Ayat 37 Verily the transposing (of a prohibited month) is an addition to Unbelief: Unbelievers are led to wrong thereby: for they make it lawful one year, and forbidden another year, in order to agree with the number of months forbidden by Allah and make such forbidden ones Lawful. The evil of their course seems pleasing to them. But Allah guideth not those who reject Faith.
Ayat 58 And among them are men who slander thee in the matter of (the distribution of) the alms. If they are given part thereof, they are pleased, but if not, behold! They are indignant!
18. Sura Al-Tauba:
Ayat 111 Allah hath purchased of the Believers their persons and their goods; for theirs (in return) is the Garden (of Paradise): they fight in His Cause, and slay and are slain: a promise binding on Him in Truth, through the Torah, the Gospel and the Quran: and who is more faithful to his Covenant than Allah? Then rejoice in the bargain which ye have concluded: that is the achievement supreme.
19. Sura Al-Tauba:
Ayat 123 O ye who believe! Fight the Unbelievers who are near to you and let them find harshness in you: and know that Allah is with those who fear Him.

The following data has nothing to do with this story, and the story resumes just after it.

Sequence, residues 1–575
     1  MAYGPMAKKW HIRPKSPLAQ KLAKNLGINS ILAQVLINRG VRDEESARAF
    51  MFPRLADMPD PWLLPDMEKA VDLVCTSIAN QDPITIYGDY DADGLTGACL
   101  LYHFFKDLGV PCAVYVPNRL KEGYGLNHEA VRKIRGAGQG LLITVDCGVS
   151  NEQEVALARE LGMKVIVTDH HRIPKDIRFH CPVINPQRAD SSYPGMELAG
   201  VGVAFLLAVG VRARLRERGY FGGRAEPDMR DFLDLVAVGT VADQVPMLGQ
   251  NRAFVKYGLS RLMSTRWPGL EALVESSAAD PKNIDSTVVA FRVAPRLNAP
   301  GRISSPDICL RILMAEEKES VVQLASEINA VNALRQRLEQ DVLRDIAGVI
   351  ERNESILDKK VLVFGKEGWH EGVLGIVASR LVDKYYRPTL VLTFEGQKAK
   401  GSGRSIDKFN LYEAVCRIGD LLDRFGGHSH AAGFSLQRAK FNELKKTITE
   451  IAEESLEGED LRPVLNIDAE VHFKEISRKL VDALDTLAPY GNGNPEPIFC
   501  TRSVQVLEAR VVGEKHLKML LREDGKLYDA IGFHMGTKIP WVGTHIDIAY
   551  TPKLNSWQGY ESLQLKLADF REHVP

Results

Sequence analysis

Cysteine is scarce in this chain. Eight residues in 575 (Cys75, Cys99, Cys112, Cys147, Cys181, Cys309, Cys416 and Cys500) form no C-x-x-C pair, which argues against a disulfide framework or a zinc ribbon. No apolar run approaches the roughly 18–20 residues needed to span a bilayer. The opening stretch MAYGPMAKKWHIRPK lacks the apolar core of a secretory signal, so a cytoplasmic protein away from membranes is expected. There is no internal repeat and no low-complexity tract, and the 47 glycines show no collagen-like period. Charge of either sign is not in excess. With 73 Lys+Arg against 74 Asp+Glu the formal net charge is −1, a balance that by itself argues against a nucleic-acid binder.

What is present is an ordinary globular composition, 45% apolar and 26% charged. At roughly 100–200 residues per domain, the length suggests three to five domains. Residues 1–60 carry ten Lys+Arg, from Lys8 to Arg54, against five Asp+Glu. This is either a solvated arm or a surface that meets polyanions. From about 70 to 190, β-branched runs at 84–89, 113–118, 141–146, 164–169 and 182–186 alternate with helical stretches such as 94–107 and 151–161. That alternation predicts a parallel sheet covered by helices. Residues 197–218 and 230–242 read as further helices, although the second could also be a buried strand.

Ayat 98 Verily ye, (Unbelievers), and the (false) gods that ye worship besides Allah, are (but) fuel for Hell! To it will ye (surely) come!
21. Sura As-Sajda:
Ayat 22 And who does more wrong than one to whom are recited the Signs of his Lord, and then turns away therefrom? Verily from those who transgress we shall exact (due) retribution.
22. Sura Al-Ahzab:
Ayat 61 They shall have a curse on them: wherever they are found, they shall be seized and slain.
Ayat 27 But we will certainly give the Unbelievers a taste of a severe chastisement, and We will requite them for the worst of their deeds.
Ayat 28 Such is the requital of the enemies of Allah – the Fire: therein will be for them the Eternal Home: a (fit) requital, for that they were wont to reject Our Signs.